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16741Re: Crucifixion

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  • Stephen Hale
    Jul 9, 2008
      --- In anthroposophy@yahoogroups.com, "Robert Mason"
      <robertsmason_99@...> wrote:
      > I don't know whether RS said anything in this vein,
      > but some Anthro authors (as have plenty of non-Anthro)
      > attribute this darkness to a sandstorm. Such
      > sandstorms are not at all unknown around Jerusalem;
      > they come up from the vast desert and can indeed
      > cause darkness at noon. No doubt world-karma
      > bought this storm at that particular time and
      > place (like the earthquake), but the immediate,
      > "natural" cause of the darkness need not have
      > been any astronomical improbability.

      Question: Could we hear something about the origin of volcanoes?

      Dr. Steiner: That's a question that can't be answered quite so
      quickly. I will lead you to the point where you can find an answer to
      it. For if you read present-day books you can certainly find all
      sorts of ideas on the origin of volcanoes, but if you read older
      books, lying farther back in time, you find other views, and in still
      earlier books again other views. People have never inquired into the
      real origin of the earth and so views on volcanic phenomena have
      changed in the course of time. As a matter of fact, no one has been
      able to form a true idea of how these fire-erupting mountains

      You see, it can always be shown that when things like fiery eruptions
      happen on the earth, they are connected with the constellations, the
      relation of the stars to the sun. An eruption can never occur unless
      at some particular place the sun is able to shine more strongly than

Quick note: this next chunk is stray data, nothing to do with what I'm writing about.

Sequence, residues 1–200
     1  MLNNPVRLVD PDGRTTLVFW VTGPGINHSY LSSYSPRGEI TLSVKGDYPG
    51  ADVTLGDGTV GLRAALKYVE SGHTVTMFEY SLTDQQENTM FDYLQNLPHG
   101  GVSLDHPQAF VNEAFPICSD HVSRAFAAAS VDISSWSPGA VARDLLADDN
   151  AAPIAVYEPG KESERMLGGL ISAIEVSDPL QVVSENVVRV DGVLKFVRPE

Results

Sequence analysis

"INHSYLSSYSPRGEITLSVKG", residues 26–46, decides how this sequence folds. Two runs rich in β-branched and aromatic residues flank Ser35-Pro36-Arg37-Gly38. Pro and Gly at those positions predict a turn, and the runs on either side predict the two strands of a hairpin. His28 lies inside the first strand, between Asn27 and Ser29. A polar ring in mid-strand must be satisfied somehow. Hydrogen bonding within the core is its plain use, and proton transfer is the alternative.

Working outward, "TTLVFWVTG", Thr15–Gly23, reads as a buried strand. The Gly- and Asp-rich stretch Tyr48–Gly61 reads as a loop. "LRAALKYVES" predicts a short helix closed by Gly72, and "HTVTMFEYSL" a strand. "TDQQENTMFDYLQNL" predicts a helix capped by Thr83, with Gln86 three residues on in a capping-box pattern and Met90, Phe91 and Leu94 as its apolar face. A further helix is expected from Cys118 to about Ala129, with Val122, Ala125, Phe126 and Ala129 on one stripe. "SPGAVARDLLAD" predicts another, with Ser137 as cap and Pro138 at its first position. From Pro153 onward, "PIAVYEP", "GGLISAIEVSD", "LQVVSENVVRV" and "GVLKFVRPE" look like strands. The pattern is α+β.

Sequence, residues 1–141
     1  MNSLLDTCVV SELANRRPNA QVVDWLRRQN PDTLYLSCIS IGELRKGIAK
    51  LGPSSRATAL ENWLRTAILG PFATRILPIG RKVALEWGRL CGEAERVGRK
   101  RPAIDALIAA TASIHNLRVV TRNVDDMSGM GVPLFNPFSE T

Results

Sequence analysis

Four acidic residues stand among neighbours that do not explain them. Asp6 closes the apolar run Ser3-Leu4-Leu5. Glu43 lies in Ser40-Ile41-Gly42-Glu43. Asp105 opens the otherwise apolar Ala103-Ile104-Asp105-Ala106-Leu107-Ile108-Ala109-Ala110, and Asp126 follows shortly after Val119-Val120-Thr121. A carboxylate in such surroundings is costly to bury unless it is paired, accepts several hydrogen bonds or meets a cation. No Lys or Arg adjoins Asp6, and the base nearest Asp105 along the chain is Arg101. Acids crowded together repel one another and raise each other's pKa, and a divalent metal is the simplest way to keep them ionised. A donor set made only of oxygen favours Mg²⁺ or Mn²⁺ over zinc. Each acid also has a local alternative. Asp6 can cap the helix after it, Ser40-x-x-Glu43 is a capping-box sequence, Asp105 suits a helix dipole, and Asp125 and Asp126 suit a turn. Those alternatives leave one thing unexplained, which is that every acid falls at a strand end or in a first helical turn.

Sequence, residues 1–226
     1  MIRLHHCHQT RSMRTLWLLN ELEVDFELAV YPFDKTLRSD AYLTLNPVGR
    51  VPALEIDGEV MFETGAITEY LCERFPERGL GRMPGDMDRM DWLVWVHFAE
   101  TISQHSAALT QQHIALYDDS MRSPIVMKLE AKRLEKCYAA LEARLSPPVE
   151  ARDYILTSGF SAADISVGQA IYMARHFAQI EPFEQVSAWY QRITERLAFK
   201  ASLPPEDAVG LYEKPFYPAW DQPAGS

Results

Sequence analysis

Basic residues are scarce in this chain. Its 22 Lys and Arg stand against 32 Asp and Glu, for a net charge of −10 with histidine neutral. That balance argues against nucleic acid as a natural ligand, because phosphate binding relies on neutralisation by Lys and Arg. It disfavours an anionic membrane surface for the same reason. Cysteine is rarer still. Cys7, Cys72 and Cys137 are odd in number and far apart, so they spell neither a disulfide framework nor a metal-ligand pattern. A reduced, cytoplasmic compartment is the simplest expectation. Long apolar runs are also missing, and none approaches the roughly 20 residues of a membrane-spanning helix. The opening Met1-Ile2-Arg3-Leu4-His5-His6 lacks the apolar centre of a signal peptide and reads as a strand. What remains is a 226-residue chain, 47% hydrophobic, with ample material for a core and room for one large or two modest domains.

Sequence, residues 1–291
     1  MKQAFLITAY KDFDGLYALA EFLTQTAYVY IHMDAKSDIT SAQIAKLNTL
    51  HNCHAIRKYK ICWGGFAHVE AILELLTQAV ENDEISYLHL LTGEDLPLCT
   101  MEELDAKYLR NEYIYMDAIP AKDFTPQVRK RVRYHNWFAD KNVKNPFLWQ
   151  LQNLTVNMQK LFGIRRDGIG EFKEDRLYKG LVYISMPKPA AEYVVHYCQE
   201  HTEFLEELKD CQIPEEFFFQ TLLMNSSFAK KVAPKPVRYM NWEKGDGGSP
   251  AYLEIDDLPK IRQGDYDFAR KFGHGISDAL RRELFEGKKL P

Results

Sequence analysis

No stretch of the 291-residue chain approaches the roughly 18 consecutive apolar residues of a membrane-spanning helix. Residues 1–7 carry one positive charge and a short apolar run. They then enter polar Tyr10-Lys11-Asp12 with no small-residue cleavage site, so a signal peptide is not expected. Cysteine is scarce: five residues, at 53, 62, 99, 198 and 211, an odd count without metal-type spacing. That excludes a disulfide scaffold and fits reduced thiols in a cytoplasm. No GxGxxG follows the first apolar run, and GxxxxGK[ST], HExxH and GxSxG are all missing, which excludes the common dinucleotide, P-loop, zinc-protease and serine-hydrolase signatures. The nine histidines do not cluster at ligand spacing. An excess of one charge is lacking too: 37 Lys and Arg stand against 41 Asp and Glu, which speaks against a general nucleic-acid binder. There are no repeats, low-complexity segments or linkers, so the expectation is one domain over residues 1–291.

usual because it is not covered by other stars. If it is covered by
      other stars as is generally the case, then the sunshine is normal.
      Starlight is everywhere; one must not think that the stars are not up
      there during the day, it is just that we don't see them. In the old
      city of Jena where people had time to do such things, where so many
      German philosophers taught, where Haeckel lived too, there is a deep
      cellar with a tower above it, open at the top. If you go down into
      this cellar in the daytime and look up through the tower it is all
      dark inside, but you see up above the most beautiful starry sky. When
      it is daytime, and clear and bright outside, you can see the most
      beautiful star-lit heavens, with stars everywhere.
      But when the stars are in such a position that the sun can develop
      its heat to full strength, when they do not obstruct the sun, then
      the sun's forces of warmth shine down upon some special places. These
      are the places where, after the earth had been fastened together,
      later volcanoes arose. They came about later. On the other hand,
      those that lie along the edges of the tetrahedron are the original

      The Evolution of the Earth and Man and The Influence of the Stars
      Lecture XII, 18 Sept. 1924
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